But you are not controlled by your sinful nature. You are controlled by the Spirit if you have the Spirit of God living in you. (And remember that those who do not have the Spirit of Christ living in them do not belong to him at all.) … Therefore, dear brothers and sisters, you have no obligation to do what your sinful nature urges you to do. For if you live by its dictates, you will die. But if through the power of the Spirit you put to death the deeds of your sinful nature, you will live. For all who are led by the Spirit of God are children of God. [Romans 8:9, 12-14 (NLT)]

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One-tenth of the produce of the land, whether grain from the fields or fruit from the trees, belongs to the Lord and must be set apart to him as holy. [Leviticus 27:30 (NLT)]

HibiscusTithe means ten percent and the Jews were required to give ten percent of all they earned or grew as part of their worship. Because there were three required tithes, the actual percentage given was more like 23%. One tithe went to the Levites, another was for the use of the temple and religious festivals, and a third one, required every third year, was for the poor. Although no tithes were collected from the land on the seventh (Sabbath) and 50th (Jubilee) years or when there was drought or famine, tithing was mandatory at any other time and the Israelites got in trouble with God when they didn’t fulfill this obligation.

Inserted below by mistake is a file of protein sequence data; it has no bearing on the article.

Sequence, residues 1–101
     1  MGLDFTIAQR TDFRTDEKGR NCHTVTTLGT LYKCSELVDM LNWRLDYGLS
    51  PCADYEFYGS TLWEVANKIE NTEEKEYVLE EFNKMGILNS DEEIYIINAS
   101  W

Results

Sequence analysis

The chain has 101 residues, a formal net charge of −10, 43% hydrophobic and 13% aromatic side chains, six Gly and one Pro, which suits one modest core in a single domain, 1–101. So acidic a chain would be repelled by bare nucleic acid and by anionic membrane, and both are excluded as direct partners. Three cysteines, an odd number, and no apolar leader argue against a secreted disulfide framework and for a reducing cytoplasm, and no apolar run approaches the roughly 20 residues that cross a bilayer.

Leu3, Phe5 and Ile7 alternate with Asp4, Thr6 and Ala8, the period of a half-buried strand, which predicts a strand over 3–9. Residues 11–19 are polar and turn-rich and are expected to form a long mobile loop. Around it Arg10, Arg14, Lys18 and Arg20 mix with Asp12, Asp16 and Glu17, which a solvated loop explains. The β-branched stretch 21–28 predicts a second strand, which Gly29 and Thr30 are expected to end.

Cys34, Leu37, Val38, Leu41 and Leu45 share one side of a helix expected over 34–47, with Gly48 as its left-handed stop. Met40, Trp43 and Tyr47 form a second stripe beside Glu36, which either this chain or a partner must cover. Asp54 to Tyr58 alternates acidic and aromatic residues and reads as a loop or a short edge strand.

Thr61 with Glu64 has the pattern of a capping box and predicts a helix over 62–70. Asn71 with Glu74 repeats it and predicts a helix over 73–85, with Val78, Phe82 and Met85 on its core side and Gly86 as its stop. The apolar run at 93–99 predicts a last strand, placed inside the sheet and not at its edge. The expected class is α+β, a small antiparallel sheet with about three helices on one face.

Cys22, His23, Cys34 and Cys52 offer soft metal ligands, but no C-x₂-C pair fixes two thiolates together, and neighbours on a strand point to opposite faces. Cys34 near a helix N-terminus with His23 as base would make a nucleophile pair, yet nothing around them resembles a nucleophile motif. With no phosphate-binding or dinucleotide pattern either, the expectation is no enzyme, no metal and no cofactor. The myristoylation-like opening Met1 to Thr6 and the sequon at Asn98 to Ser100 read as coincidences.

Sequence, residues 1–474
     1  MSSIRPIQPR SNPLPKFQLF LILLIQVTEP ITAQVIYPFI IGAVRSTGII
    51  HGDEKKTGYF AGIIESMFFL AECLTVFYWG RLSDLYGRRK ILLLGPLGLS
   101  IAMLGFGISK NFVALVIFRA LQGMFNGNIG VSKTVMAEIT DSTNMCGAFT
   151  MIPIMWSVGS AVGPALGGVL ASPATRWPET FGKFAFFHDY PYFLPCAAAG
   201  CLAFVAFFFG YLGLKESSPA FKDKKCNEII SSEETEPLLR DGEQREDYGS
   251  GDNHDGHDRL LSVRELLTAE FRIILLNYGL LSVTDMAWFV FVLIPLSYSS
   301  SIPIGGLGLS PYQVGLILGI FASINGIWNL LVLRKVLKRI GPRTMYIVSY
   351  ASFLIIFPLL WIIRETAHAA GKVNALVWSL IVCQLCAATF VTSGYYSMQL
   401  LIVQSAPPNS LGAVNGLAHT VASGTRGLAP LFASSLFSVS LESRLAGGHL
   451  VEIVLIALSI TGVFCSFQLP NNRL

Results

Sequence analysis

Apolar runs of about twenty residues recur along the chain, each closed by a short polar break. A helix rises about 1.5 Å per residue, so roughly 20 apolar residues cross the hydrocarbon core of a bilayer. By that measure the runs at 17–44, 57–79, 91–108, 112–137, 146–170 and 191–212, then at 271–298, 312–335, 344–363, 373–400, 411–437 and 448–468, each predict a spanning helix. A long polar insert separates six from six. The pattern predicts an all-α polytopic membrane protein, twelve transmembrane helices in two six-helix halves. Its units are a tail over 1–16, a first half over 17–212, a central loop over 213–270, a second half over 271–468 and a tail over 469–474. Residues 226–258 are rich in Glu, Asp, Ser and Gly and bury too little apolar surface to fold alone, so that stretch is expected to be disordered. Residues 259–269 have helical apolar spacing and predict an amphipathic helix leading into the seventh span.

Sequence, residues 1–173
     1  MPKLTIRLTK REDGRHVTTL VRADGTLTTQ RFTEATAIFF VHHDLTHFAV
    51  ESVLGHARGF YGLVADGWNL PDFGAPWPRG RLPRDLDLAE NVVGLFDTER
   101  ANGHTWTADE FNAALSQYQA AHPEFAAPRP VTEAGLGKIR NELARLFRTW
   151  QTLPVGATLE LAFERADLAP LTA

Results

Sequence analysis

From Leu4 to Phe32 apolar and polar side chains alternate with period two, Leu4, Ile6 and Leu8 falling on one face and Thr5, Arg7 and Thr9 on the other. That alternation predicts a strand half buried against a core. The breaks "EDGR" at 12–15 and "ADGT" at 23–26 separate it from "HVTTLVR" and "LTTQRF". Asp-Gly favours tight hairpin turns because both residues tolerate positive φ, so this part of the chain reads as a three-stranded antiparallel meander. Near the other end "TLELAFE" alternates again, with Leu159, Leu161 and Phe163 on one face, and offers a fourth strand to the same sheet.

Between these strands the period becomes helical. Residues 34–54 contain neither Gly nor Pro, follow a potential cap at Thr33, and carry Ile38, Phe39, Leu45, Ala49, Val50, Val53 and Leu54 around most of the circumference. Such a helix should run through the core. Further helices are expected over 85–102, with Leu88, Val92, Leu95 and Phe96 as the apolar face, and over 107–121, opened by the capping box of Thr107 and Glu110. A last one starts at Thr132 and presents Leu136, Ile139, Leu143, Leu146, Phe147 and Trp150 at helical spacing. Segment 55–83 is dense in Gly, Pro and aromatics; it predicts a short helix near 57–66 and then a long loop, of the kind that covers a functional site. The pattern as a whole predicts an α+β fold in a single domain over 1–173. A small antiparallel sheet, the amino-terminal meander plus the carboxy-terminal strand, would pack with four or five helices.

With His sacrifice on the cross, Jesus fulfilled all of the requirements of the old law. As Christians, we’re no longer obliged to visit Jerusalem for the festivals of Passover, Shavuot, or Sukkot nor do we observe Yom Kippur. We don’t keep the Jewish dietary and butchering regulations, light Shabbat candles, refrain from work on the Sabbath, or require circumcision. Like tithing, those are the laws of the Old Covenant and Jesus brought us a New Covenant. Nevertheless, there are some Christian pastors who think that one specific Old Testament law remains: tithing.